My “Salzburg Journal,” or “Salzburg Souvenirs,” I guess I call it, continues today. There will be one more installment. I’d like to share, now, a couple of letters responding to yesterday’s installment. The first concerns immigration (not a Salzburgian topic, but we got there, somehow). I was complaining that I know a couple of German investment bankers who are dying to come to America, and be American, but can’t. Meanwhile, millions of campesinos have just waltzed over the southern border, no problem. I’m happy to have the campesinos, though I’d prefer they went through lawful channels. But can’t we find a smidgeon of space for a couple of investment bankers? (I realize this is a lousy time for that type — but they can do other things too, believe me.)
Okay, the letter:
I had a friend from Lichtenstein who ran a horse farm in Virginia for years. Then one day last year when he was returning from a visit to Europe he was told that his papers weren’t in order — something screwy had happened — and he was given two weeks to pack up and clear out. He took all his money and talent to Belize, which was damned happy to get him.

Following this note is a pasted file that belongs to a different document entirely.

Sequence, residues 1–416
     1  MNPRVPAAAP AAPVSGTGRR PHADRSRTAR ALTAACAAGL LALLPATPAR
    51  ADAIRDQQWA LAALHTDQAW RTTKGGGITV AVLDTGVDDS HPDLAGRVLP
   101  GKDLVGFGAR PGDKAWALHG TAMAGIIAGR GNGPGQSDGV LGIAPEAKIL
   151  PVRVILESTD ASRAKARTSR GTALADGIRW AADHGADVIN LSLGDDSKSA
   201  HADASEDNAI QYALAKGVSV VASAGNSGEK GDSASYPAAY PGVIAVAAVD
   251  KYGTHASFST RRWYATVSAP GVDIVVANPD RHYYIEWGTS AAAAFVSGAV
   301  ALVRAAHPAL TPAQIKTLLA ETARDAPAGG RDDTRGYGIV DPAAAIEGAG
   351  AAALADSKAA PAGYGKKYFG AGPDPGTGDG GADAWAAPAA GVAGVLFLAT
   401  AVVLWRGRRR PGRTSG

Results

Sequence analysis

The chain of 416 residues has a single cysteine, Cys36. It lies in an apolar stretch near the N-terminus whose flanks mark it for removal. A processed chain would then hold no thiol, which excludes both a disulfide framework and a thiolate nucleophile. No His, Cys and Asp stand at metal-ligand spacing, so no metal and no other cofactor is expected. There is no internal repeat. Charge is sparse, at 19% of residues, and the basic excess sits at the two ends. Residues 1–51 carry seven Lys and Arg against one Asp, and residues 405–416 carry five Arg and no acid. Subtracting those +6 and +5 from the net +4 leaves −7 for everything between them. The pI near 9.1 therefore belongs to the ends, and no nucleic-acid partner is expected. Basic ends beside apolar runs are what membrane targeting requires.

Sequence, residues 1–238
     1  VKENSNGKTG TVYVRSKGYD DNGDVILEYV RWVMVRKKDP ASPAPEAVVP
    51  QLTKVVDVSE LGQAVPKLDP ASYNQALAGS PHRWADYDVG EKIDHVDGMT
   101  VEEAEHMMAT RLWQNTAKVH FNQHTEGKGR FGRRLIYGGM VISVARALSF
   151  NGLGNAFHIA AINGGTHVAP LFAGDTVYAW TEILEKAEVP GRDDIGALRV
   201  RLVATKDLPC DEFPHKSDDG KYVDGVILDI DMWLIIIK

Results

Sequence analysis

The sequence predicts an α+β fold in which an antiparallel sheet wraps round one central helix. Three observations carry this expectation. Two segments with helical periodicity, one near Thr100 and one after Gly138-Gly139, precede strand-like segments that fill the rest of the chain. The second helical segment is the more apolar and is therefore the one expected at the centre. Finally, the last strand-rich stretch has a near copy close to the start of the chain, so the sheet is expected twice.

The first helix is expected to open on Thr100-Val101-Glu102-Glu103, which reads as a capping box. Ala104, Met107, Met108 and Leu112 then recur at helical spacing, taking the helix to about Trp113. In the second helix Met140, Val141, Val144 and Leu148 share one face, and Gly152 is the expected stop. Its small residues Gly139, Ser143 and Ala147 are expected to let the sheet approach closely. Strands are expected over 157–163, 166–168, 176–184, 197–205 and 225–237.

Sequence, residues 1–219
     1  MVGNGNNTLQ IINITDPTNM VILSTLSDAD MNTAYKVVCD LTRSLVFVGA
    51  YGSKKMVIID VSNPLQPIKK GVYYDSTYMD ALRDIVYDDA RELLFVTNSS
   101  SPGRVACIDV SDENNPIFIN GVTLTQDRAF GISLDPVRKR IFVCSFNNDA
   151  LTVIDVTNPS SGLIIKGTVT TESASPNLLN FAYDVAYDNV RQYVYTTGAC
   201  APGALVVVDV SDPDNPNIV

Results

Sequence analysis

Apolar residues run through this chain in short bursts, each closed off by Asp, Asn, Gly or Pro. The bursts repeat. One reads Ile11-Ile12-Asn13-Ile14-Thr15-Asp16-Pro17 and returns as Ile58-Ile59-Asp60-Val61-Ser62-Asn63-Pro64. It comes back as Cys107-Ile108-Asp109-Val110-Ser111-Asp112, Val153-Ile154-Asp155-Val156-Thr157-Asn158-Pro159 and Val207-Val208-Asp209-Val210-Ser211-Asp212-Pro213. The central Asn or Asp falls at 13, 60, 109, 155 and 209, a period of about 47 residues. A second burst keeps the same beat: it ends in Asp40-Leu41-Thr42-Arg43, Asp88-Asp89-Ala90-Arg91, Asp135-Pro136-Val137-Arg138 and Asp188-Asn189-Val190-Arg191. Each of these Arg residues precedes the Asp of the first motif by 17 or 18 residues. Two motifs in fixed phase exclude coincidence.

If we don’t allow in enough educated, inventive, and risk-taking people, there will be too few creating the new industries and different ways of doing which will allow us to absorb the poor and uneducated seeking the means to a better life for themselves and their children.
And something a little lighter? I mentioned Toni Sailer, the champion downhiller, known as “the Blitz from Kitz” (meaning Kitzbühel, an Austrian ski town). A reader writes,
When I was in college (the ’60s), I took up skiing to impress a long-ago-defunct fiancée. It was all the rage to rent “high performance” skis, so on my third or fourth trip to the mountains I rented some Sailer skis. I had hardly learned to “snowplow” and I put these babies on. They were so slick, literally and figuratively, that I spent most of the day hauling my butt out of the snow without traveling more than a few feet at a time. I brought them back to the rental place completely unscratched, as I had hardly skied on them in two days, and the staff — all advanced skiers — were in awe. “Not a scratch? You must be a great skier.” I kept my secret because they were all college-age women.
Toni never had much of a problem, you can bet the ranch on that.